Newsmaker: Jack Lew
Who said politicians have no power any more?
If we needed, or wanted, evidence of the awesome power of government to bend events to their will, we got it last week when the US effectively killed the largest pharmaceutical merger in history when it promised new rules on so-called "inversions".
Last Monday Allergan shares plunged 22pc after the department of the treasury - led by Mr Lew said it will impose a three-year limit on foreign companies bulking up on US assets to avoid ownership limits for a later inversion deal.
In effect, the new regulations killed off any hope of Dublin-headquartered Allergan succesfully merging with Pfizer and locating the new business in Ireland for tax purposes.
That wasn't all, though. Mr Lew said that more would be done to "further rein in" inversions. Clearly, he isn't done yet.
Historically, Mr Lew would be one of the most influential treasury secretaries in history. Except both his predecessors - Tim Geithner and Hank Paulson - have been arguably the two most influential secretaries ever. The renewed power of the treasury has been a product of the financial crash but Mr Lew has clearly retained his focus on maintaining the treasury's influence over policy.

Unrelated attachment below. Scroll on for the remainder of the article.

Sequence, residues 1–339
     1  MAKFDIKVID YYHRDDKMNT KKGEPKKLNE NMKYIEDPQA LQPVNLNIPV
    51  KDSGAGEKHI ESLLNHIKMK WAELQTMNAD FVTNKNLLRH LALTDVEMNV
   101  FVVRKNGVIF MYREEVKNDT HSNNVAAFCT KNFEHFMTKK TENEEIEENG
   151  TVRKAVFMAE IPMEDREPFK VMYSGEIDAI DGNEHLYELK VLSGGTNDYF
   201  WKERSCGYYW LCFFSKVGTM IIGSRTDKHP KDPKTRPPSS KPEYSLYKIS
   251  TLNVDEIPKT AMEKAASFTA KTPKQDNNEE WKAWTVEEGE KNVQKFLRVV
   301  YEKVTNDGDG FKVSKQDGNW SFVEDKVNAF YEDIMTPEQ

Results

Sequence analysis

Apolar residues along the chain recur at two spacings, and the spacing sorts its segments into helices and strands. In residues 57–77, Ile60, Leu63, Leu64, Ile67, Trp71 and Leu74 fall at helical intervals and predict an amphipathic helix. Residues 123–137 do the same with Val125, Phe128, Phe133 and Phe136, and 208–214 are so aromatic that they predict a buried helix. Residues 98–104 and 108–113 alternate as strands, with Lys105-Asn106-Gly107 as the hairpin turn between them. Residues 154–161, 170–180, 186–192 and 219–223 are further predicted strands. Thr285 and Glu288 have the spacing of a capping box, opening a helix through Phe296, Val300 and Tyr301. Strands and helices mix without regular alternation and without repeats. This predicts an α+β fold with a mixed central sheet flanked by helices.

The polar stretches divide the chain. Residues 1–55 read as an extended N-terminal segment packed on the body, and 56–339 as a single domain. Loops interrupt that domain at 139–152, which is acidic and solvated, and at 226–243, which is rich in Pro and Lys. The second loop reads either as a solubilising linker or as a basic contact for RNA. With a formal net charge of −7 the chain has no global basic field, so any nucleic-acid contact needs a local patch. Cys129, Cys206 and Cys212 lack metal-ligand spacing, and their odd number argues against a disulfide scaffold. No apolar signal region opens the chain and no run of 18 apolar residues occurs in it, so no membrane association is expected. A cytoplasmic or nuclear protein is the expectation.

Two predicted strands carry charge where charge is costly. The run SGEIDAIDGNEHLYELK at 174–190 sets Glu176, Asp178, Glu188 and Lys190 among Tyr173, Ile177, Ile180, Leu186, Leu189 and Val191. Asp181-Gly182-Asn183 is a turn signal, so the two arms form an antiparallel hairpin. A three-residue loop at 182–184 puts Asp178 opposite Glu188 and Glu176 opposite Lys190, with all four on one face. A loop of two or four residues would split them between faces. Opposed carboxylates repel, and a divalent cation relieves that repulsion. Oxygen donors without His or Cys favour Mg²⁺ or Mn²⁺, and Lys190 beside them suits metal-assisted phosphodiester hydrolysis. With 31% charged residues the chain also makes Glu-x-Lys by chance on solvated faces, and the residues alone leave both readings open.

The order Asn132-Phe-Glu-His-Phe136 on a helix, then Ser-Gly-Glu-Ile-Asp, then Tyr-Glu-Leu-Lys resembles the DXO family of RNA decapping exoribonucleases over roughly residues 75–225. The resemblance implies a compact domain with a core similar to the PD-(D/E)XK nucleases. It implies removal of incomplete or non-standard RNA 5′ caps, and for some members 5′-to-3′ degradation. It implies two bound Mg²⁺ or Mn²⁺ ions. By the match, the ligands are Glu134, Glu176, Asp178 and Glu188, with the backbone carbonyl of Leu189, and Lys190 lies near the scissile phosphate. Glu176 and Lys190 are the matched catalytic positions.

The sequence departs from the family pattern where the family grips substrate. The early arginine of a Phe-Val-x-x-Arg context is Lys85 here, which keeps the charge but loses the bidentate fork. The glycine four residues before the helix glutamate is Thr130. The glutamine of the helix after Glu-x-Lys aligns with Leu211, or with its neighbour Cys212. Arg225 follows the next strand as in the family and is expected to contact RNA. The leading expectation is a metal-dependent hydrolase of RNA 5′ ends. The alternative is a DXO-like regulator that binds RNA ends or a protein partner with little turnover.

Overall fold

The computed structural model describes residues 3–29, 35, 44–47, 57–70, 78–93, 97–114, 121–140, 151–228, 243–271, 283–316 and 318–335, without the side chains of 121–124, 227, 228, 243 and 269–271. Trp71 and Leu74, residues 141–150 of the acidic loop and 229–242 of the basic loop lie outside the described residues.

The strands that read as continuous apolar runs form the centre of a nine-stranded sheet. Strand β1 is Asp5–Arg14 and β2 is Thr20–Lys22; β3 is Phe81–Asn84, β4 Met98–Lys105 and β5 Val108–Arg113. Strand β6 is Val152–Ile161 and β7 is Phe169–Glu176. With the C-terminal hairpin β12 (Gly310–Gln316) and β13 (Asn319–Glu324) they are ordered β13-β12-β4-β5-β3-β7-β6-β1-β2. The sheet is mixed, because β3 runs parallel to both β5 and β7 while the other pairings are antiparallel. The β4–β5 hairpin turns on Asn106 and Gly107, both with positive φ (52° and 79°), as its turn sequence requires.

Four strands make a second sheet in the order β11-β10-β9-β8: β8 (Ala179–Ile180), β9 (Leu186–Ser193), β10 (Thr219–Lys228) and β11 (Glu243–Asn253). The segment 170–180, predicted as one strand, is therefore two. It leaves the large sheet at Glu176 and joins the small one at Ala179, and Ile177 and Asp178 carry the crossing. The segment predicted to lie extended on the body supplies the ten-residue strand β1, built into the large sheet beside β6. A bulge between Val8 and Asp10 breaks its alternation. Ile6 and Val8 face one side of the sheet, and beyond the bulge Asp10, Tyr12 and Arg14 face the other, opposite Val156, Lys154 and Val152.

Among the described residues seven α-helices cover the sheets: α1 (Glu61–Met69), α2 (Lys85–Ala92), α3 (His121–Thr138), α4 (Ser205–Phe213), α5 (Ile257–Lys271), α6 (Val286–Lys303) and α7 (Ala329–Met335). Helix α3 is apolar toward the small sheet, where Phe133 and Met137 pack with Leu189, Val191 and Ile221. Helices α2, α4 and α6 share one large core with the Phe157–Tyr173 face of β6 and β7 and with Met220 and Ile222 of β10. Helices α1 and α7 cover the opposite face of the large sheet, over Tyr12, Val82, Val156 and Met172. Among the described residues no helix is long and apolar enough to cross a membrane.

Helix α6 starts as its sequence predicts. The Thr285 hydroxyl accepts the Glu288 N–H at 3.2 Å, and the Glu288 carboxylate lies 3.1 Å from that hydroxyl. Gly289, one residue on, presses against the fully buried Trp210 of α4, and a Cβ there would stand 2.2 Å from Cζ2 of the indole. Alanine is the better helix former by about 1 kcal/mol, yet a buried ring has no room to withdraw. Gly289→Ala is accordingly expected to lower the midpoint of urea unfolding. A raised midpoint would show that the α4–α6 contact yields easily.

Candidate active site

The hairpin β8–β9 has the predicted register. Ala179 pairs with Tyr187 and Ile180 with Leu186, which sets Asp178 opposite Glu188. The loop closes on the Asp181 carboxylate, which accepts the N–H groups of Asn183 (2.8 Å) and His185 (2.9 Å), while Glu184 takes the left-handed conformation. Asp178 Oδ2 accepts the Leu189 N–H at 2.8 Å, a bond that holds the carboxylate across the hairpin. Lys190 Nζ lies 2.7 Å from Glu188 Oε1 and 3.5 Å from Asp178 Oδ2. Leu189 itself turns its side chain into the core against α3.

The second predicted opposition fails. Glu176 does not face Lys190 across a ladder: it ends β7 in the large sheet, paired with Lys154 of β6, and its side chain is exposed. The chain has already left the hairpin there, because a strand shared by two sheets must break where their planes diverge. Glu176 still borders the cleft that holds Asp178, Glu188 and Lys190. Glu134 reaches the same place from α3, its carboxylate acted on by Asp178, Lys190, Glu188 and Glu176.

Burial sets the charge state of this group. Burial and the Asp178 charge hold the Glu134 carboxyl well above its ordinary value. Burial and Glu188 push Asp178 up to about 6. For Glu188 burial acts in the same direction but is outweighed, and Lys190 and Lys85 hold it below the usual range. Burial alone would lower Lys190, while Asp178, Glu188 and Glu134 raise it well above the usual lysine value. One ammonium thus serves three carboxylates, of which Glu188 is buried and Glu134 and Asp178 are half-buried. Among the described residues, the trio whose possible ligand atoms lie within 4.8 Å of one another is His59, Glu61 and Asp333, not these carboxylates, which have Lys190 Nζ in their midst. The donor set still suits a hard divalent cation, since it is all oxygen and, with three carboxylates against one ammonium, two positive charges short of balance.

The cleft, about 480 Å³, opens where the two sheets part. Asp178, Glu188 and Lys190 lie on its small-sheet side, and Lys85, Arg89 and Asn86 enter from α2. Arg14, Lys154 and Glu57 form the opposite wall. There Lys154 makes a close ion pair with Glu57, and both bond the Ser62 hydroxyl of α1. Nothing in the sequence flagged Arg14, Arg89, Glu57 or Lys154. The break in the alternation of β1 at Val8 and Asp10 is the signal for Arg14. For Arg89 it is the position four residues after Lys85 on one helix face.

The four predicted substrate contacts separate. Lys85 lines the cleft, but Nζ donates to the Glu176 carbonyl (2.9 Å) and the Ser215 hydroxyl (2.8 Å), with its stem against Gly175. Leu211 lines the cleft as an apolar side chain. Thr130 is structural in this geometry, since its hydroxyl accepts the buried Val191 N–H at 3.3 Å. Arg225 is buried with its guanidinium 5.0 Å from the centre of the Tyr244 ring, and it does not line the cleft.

Unlike Paulson and Geithner, Mr Lew did not have much of a public profile when he was appointed in 2013.
Bespectacled and unassuming, he spent most of his career in public service as a staffer and manager behind the scenes, preferring to avoid the limelight. He served as budget director under former President Bill Clinton as well as Barack Obama.
He is no stranger to controversy, however. During his confirmation hearing three years ago, a number of lawmakers were sharply critical of the large bonuses and other perks he received from previous employers Citigroup and New York University.
Mr Lew was also grilled about an investment he once had in the Cayman Islands. In his 2008 presidential campaign, Obama criticised the practice of using the Cayman Islands as a tax haven.
Barack Obama's presidency is heading steadily towards lame duck territory ahead of November's presidential election. It is clear though that, for now at least, Mr Lew isn't content to just see out what remains of the administration's term. (Additional reporting by Reuters)